Minister's praise for Norfolk's army of 'critically important' volunteers
PUBLISHED: 16:41 29 November 2013 | UPDATED: 16:41 29 November 2013
Archant Â© 2013
Care minister Norman Lamb praised the efforts of volunteers in enriching people's lives as he opened a new charity hub in Norwich.
How YOU can become a friend in need
A Friend in Need is a campaign run by the Norwich Evening News and Voluntary Norfolk to increase the number of volunteer befrienders in the city.
It aims to reduce loneliness and isolation among vulnerable people by pairing them with volunteers, and was launched after the tragic death of a Lakenham man in January 2012, who may have been dead for months before being discovered.
Not all the clients on Voluntary Norfolk’s books are at risk, but all benefit greatly from spending a couple of hours a week with a befriender.
A Friend in Need this year won high-profile backing from Norfolk coroner William Armstrong, and its impact on the city has been recognised with it being named Community Campaign of the Year at the EDF Energy East of England Media Awards in February 2013. To find out more or to sign up, call Voluntary Norfolk on 01603 614474.
The North Norfolk MP said the ageing population faced an “epidemic of loneliness” – but that volunteers giving up their time were able to make the difference and reach the areas that traditional services could not.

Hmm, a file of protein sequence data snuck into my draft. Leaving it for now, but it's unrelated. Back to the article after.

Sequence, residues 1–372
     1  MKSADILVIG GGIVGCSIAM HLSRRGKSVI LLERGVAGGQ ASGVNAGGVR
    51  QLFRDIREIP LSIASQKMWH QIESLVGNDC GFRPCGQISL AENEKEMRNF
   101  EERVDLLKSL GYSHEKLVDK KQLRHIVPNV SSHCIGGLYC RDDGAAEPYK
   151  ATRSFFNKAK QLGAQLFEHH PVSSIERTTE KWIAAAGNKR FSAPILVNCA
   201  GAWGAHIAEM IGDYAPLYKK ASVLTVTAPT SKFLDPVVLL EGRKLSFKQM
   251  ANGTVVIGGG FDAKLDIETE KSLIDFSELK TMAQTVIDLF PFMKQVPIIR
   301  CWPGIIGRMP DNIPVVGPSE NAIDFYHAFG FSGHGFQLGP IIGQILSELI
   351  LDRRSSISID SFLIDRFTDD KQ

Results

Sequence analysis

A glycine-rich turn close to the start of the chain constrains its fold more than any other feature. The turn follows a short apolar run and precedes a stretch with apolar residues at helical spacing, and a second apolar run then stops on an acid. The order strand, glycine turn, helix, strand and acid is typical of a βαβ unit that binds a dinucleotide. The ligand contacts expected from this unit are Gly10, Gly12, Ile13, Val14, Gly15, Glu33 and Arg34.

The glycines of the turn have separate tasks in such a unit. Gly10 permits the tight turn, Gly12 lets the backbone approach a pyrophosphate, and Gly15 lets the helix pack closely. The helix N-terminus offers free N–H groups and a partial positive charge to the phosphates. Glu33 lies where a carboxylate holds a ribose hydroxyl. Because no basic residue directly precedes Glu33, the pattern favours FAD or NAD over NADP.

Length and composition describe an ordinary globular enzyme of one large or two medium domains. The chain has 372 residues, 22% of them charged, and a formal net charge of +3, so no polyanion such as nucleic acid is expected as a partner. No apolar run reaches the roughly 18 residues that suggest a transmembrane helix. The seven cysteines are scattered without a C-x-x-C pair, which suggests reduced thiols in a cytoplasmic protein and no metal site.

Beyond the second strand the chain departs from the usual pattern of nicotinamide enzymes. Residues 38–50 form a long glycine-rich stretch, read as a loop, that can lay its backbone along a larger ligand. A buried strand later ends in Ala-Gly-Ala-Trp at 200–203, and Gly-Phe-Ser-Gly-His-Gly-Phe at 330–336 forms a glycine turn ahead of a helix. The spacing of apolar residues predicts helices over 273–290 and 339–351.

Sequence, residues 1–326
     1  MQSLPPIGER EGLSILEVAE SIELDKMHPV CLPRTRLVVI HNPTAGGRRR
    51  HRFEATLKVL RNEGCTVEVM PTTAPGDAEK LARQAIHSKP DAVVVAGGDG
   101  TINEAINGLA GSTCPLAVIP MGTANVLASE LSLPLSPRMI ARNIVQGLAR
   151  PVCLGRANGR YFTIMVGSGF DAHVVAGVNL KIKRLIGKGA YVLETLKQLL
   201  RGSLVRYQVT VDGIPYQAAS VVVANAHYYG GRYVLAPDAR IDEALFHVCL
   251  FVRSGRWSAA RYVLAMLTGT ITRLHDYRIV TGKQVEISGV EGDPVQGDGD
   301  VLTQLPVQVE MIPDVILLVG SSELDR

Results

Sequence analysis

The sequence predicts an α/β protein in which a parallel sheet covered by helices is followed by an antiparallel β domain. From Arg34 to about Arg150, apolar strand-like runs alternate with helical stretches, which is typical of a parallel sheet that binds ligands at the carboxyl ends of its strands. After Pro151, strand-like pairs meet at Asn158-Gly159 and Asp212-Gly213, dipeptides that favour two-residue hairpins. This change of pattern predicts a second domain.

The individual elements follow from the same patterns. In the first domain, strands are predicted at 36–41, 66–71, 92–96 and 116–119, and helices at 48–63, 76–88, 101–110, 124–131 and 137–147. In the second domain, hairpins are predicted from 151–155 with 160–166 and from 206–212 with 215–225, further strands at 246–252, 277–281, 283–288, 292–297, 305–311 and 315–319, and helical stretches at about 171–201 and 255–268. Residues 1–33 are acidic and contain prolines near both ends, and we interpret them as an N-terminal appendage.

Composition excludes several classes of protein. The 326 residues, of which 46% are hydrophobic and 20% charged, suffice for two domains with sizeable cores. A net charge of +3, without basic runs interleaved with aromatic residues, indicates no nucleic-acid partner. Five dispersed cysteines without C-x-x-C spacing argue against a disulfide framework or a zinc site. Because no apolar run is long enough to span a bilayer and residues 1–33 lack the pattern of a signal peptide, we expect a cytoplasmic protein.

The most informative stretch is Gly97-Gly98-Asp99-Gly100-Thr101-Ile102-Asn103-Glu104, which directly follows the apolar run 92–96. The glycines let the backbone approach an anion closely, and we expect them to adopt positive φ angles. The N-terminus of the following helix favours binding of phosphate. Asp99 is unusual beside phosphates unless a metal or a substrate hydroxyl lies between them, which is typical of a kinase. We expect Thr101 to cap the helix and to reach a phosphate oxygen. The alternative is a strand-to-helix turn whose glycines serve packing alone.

Mr Lamb was speaking as he formally opened Voluntary Norfolk’s new headquarters in Colegate, following the charity’s move from Pottergate last month.
Since last summer the charity has been working with the Norwich Evening News to sign up volunteers to offer friendship and company to vulnerable people of all ages across the city, and has recruited more than 100 already.
Mr Lamb said such volunteers were “critically important” in offering the services that could not be provided by the state, and rebalancing our “inadvertently neglectful society”.
“The question we ask is ‘What services do people need?’
“What we should be asking is ‘How do we give someone a good life?’ How do we focus on happiness and wellbeing?” he said.
“Statutory services on their own can’t give people a good life: it’s about the wider society.”
Voluntary Norfolk chief executive Brian Horner said the new offices would provide “a one-stop shop” for volunteers and charities in Norwich.
Meeting and training rooms are available for hire, and one tenant partner has already been lined up, he added.
“We deliberately have some spare capacity here, and we want to encourage other voluntary organisations to come in,” he said.
“We want to create a hub where people can come to volunteer, find out about support available to them and other voluntary organisations, as well as our other training and back-of-house services.”